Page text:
Even when technology start ups survive the harsh infrastructure and funding conditions, what really breaks the bone of these businesses is the limits to scale. In most of these “start up destinations”, a major push for domestic technology companies comes from their respective government. E-governance, defence and education sectors are where their respective government not only set-aside markets for their domestic technology start ups, but actively protect this turf from any encroachment. The generous act of their governments helps these companies to assiduously gain scale and build robust products. These government also extensively use their export-import mechanisms including lending institutions to actively promote these technologies in other countries. Many such generous acts carry Singapore or USA products into Middle East or African markets. Imagine what would happen if there are 10-15 domestic technology products that could be used in accelerated power programme or public health or government distribution, all enjoying an adoption of 3 -20 million users per year. That scale is sure to salivate whichever coast VC. Imagine if 5-10 Tally’s could be taught at the government colleges and the exalted institutes of excellence, all gaining a user base of 5 Million per year. If Microsoft has found more enthusiastic raiders in India, it is not for any other reason, but its marketing muscle and reach. Do you wish the stems of technology start ups grow stronger and emerge as trunks, then Watson, it is very elementary support them to grow. Give them space, nurture them and prune them to spread. Very elementary.

Dr TR Madan Mohan

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Rename & Rebrand for Success!

A good book always needs a catchy title to get the attention of roaming eyes of onlooker and induce him to buy and convert him to a reader. At the same time the name should also be relevant to the plot. Not all books can have “no branding” strategy as successfully exploited by author Naomi Klein. No name strategy is unlikely to fly if you are a company or product. Legal and differentiation require one to embrace a name.  Like books, the name of a company should also be easy to recall and must create an interest in the minds of the people. Even in the ancient era, Kings named and also created symbols for their Kingdoms by which people recognized them and identified them for generations.

In this Start-Up era companies have come up with the most creative names which are easily recognizable. The etymology of names for a business makes the impact in the minds of the customers. Most common and famous etymologies used in names recently are the removal of vowels (Flickr, Quikr, Scribd etc.), use of most common words with unique suffixes (Spotify, Mashable etc.).  There are many famous companies which have become extremely popular only when they renamed themselves. Few examples would be, Andersen Consulting which is now popularly known as Accenture, Lucky and Goldstar which is now known worldwide as LG, Tokyo Telecommunications Engineering Corporation is now the famous SONY, Blue Ribbon Sports which later became the one of leaders in the sports wear industry – Adidas.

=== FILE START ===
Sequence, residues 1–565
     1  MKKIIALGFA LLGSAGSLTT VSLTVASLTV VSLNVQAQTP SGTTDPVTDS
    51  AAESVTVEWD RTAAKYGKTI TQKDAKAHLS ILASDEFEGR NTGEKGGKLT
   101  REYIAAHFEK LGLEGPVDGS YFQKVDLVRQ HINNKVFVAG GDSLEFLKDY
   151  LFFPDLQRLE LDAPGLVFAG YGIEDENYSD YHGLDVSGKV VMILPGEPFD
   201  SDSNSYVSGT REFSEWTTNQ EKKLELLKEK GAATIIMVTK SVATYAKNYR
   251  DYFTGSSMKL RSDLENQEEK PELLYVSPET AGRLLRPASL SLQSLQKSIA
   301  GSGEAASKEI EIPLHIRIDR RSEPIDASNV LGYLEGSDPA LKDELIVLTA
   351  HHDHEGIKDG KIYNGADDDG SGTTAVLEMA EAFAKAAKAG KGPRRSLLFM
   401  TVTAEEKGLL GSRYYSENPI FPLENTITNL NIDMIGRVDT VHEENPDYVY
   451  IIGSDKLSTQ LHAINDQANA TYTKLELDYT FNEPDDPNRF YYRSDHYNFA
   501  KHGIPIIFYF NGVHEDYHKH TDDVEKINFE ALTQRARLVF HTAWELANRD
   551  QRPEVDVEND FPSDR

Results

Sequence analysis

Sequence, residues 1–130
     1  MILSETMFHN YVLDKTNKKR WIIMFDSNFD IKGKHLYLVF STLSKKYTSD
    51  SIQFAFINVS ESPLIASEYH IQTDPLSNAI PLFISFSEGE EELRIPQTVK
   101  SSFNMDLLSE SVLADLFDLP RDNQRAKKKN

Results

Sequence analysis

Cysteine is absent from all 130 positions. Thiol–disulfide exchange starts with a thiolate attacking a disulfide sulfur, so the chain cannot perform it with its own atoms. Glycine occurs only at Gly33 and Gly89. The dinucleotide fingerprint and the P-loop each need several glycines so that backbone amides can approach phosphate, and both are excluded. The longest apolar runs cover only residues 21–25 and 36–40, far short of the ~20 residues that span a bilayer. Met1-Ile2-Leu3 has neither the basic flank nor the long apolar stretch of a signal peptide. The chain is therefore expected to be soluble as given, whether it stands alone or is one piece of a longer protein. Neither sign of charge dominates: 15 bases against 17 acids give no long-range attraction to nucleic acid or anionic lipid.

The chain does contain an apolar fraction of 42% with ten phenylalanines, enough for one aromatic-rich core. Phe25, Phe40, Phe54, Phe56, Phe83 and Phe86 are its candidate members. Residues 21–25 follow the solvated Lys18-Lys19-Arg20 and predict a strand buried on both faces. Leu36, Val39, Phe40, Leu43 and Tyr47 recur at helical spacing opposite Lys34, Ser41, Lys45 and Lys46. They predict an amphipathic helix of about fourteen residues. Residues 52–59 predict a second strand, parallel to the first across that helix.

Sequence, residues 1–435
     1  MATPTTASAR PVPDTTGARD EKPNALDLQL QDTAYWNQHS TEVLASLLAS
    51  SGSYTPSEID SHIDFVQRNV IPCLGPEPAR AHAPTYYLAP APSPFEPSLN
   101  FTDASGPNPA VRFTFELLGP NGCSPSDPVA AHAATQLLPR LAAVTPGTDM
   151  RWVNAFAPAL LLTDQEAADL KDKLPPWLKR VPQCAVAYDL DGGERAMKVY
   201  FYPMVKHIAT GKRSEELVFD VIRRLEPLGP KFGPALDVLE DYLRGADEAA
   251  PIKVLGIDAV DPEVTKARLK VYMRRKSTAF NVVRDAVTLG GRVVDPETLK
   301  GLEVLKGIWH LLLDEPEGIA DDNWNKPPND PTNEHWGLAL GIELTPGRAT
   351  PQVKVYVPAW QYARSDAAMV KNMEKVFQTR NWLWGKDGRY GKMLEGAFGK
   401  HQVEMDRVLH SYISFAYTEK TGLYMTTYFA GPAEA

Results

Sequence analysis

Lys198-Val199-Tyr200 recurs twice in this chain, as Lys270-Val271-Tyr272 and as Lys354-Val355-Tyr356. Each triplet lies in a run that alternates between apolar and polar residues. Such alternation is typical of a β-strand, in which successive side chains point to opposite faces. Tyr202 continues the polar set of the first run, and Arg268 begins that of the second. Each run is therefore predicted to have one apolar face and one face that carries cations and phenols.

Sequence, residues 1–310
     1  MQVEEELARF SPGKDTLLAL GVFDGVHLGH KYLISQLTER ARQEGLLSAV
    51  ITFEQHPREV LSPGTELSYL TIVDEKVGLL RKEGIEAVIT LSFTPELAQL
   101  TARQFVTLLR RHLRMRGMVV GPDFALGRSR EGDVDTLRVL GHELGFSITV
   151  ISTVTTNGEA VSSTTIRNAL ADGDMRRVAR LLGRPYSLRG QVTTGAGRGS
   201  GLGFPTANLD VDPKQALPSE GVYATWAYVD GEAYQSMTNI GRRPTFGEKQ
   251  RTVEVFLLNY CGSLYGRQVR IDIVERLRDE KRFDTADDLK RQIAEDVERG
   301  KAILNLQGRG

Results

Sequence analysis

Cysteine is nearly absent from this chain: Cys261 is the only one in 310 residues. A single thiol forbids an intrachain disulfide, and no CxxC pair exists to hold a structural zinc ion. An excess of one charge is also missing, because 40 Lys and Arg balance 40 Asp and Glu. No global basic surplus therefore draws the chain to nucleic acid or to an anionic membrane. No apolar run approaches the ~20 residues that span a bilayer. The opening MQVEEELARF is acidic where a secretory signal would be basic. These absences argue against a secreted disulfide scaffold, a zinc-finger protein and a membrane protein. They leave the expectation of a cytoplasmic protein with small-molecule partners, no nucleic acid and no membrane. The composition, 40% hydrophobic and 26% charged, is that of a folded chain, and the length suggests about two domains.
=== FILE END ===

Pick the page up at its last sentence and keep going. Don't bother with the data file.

The most common reasons why most companies opt for a name change are

  • Renaming dictated by merger
  • Name associated with failures
  • Name not appropriate for NEW world markets when it comes to GLOBALIZATION.
  • Difficult to remember
  • Name changes according to Vaastu and Feng Shui
  • Name is outdated in terminology  : Name has to appeal to a NEW & more affluent market
  • Name has negative connotations in the new markets they are serving
  • Name need to reposition & new the corporate brand
  • Name is against cultural norms in different states
  • Name is geographically restrictive
  • Name is limiting in range of operations
  • Name no longer fits in the businesses they are in
  • Name is in trademark conflict
  • Name is misleading to customers
  • Difficult to pronounce
  • Name is Too long

The various steps to be followed in renaming a company is 1)Define the purpose for renaming 2)List out various names according to the purpose 3) Shortlisting of the names 4)Select a winner 5) Validate the name with existing companies and domains 6) Repeat from Step 3 if validation fails.

Think both creatively and strategically when naming/renaming a company. Cool sounding names don’t always become a winner. While selecting the name, firstly the company should measure the emotional value or sensitiveness of the existing name in the minds of the customer. Secondly, check for compatibility with the product or service provided by the company and whether a customer will be able to relate the company to a product or service when he/she hears the name. Thirdly follow the basic naming rules like keep it short, unique, easily recallable and easy to pronounce. Renaming a company can open up new opportunities in the market for the company. It’s like coming in for a second innings but only to play it better with the proper strategy.

Kaarthik Shakthi R

Junior Consultant – Marketing

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OEMs/Dealers; Get Your Basics Right!

While aftermarket revenues could contribute an upward 30-50% of existing revenues, many OEMs are not prepared to gain from it. Most OEMs fail to meet their service level agreement which subsequently leads to decrease in customer loyalty and negative word of mouth. Why does this happen? It is simply because they do not manage their weakest link in the chain, dealers.

The major reasons why dealers fail to deliver an effective after-market service. One is the lack of agency and incentive alignment. Dealers find managing post-sale operations cumbersome and are just happy to skim the revenue from fresh sales only. Many dealers lack the necessary skilled resources, inventory but just gloss over service commitment. Secondly, Lack of comprehensive supply chain management, and ineffective SOPs from OEMs compound the matter further. So it is quite common to see customers waiting for a free vehicle pick up promised by OEM and also an unreachable dealer service desk. Customers planning to drop their vehicles at dealer showrooms and catch their Monday morning work schedule, beware! You may end up waiting in the lobby for hours. Dealers of many world class OEMs are woefully short of qualified human resources. Spare parts unavailability or delay in shipping spare parts is a common problem. Lo, that is not the end of agony, even after getting the vehicle well past the promised delivery date; customer must be prepared to see recurrence of earlier complaints or some new larger issue surfacing after the service.